I am doing something similar with servo and ESC/brushless motor control with the Maestro.
I am having trouble, however with getting the brushless motor to run. I think there may be something fundamental about controlling the ESC with the Maestro and Pololu software that I am missing.
Currently I have two servos, and an ESC hooked up to the Maestro. I can control both servos fine, however I cannot get the motor to do anything. When I hook up the ESC to a regular RC receiver and transmit a throttle signal, the motor runs fine.
Is there something different about the settings for a ESC channel compared to a servo channel? I have always thought the signals were the same.
Additionally, how does motor RPM as a percentage relate to “servo position” as displayed in the software?
Here is a screenshot of what I have. Servos are on channels 0 and 5, BLPM motor and ESC is on 1.
I have split your post off into a new topic, since it was not related to RoboRealm.
Anyway, if your servos are running fine, you have probably configured your Maestro correctly, and it is just a matter of what position values you are sending.
There are a couple of possible differences between an ESC and a servo, and a more fair test would be to hook the ESC up to a servo channel of your receiver (instead of the throttle channel) to see how it behaves. The ESC might have a safety mechanism preventing it from powering the motor if it is not started close to 0% power. The manual for your ESC should describe this safety mechanism as well as the pulse settings corresponding to 0% and 100%. For example, 0%/100% might correspond to 1000/2000 us, so if you start it up around 1500 us, the ESC would go into safety shutdown mode. It is also possible that the range of valid pulses for your ESC is 1500-2000 us, so if you only tried sending the value shown in your screenshot, it would not move anyway.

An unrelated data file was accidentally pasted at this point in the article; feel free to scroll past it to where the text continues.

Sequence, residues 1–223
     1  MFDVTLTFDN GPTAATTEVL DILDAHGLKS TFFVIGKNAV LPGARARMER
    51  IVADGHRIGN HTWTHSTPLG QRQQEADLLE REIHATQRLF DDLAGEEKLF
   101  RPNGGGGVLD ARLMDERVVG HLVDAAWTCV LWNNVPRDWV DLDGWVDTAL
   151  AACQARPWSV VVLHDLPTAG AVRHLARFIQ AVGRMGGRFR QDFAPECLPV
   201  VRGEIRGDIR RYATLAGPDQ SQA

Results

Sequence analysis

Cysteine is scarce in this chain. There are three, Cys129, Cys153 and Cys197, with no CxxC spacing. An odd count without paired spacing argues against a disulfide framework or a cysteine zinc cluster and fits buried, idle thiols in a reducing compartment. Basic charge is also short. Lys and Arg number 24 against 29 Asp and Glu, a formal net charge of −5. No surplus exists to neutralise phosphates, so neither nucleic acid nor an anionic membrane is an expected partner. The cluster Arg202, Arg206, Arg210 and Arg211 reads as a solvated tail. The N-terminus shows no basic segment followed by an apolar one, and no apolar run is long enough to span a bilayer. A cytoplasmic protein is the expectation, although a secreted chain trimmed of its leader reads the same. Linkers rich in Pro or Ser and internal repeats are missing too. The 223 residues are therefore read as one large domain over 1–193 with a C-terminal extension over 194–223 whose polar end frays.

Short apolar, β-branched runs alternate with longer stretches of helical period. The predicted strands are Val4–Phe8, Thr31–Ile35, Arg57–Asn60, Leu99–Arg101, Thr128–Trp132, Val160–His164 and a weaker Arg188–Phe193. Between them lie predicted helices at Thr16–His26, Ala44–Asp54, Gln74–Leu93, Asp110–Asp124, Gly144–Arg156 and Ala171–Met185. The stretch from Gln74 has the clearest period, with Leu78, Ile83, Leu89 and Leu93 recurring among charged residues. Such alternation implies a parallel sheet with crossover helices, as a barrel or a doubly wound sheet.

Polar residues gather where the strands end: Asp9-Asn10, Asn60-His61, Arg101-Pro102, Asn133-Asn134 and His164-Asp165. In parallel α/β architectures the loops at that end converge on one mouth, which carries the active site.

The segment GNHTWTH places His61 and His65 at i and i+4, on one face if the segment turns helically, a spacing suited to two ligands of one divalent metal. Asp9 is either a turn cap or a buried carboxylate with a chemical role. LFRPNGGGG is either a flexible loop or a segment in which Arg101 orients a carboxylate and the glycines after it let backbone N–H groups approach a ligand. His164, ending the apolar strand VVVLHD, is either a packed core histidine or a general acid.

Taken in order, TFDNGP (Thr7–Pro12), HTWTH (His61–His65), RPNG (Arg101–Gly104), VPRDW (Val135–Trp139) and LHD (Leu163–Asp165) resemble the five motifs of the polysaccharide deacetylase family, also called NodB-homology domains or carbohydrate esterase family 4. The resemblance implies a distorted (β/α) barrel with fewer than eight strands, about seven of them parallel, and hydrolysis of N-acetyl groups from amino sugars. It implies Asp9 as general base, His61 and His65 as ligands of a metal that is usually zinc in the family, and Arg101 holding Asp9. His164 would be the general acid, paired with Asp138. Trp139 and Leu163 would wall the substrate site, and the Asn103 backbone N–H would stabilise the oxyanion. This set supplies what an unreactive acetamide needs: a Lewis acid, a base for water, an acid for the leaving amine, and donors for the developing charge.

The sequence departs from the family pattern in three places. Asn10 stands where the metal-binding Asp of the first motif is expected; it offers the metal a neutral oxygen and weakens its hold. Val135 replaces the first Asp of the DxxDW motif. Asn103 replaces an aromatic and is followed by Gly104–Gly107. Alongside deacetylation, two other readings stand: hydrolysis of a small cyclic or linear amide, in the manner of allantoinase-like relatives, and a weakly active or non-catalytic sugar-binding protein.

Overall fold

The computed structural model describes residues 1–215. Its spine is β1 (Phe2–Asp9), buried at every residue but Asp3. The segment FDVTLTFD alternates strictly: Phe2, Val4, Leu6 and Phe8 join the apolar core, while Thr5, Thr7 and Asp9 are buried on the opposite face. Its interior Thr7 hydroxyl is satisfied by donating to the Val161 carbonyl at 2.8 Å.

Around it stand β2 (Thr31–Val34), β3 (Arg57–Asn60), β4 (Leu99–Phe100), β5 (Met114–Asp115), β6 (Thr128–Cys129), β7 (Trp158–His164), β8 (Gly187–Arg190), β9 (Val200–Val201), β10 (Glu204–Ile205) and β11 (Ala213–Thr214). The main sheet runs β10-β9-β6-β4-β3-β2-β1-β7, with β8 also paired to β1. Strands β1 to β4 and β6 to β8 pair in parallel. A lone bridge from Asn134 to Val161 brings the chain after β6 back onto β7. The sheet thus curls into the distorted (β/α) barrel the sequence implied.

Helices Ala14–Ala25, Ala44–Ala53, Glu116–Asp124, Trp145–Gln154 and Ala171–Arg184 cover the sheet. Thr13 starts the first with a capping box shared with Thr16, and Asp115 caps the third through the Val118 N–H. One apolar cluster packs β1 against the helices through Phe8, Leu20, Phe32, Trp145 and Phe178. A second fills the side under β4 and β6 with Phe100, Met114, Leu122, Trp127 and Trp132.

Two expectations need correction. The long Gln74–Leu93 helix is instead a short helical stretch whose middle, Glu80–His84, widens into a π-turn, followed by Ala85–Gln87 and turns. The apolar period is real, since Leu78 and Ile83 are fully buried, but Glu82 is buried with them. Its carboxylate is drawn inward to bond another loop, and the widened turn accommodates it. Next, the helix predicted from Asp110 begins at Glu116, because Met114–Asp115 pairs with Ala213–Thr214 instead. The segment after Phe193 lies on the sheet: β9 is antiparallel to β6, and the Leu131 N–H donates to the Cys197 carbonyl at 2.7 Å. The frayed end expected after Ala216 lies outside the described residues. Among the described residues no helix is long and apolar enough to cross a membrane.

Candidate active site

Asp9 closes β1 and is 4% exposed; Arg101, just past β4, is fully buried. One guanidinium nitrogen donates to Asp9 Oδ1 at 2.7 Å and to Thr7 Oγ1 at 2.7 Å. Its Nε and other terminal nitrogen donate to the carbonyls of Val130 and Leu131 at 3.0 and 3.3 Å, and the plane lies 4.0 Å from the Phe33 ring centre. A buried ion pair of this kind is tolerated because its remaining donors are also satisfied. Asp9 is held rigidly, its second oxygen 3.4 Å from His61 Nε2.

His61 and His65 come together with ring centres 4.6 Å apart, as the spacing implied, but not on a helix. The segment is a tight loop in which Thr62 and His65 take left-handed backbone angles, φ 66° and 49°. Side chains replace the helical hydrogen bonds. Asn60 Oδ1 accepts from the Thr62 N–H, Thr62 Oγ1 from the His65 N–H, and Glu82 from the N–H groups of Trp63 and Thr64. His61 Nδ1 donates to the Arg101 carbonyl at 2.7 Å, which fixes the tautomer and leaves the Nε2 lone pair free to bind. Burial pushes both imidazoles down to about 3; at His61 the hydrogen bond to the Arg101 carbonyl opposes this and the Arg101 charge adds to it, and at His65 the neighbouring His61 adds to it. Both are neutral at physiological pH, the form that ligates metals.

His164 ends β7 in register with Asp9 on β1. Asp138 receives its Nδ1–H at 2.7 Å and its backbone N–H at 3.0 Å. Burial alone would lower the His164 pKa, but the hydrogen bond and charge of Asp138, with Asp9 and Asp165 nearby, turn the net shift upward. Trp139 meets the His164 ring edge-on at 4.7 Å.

If you can’t find the manual, you can try starting it around 1500 and moving UP, then, if that doesn’t work, reset everything and try starting it at 1000 us and moving up from there.
I am having a similar problem, and I don’t have a manual for my ESC.
I have one immediate concern. The ESC is connected to a 7.2V NiMH battery, while the Maestro has a 5V lithium battery on the servo power bus. Is the ESC going to send 7.2V back to the Maestro, thus making a “7.2 minus 5” short circuit?
When I connect the ESC power I hear buzzing. When I connect the Maestro power and enable the servo output to the ESC, I hear a clicking buzz, as if the ESC was doing something in response to the PWM. I shall test it with a regular RF receiver this weekend.
Some ESC’s have a “Battery Eliminator Circuit” (BEC), which can power the servo controller with a regulated voltage, maybe 5 or 6V. You can easily check with a multimeter whether there is a voltage on the power line of your ESC when the Maestro is not connected. If you measure a voltage, even if it is 5V, don’t connect it to your lithium battery, or you will have a short circuit. You can do this, for example, by cutting the middle wire of the servo cable going to the ESC, cutting the middle header pin on the Maestro, or making a custom cable.
Please let us know what you find out about your ESC!
My ESC has a battery eliminator indeed! I measure 5.8V between the black and red wires in the three pin female connector.
I think I am going to take advantage of that and I won’t need to feed my other servos with my microcontroller battery.
I will report later on how it goes.
It worked, at least with the Maestro Control Center, under Windows.
With 1.5ms pulses, the drive wheels don’t move. With more than 1.5ms, they turn backward. With less than 1.5ms, they turn forward.
The steering servo and my other mini-servo are properly controlled too.
My two analog sensors were happy with the power provided by the ESC, via the Maestro
All without using the precious mAh in my microcontroller lithium battery.
It works with serial commands.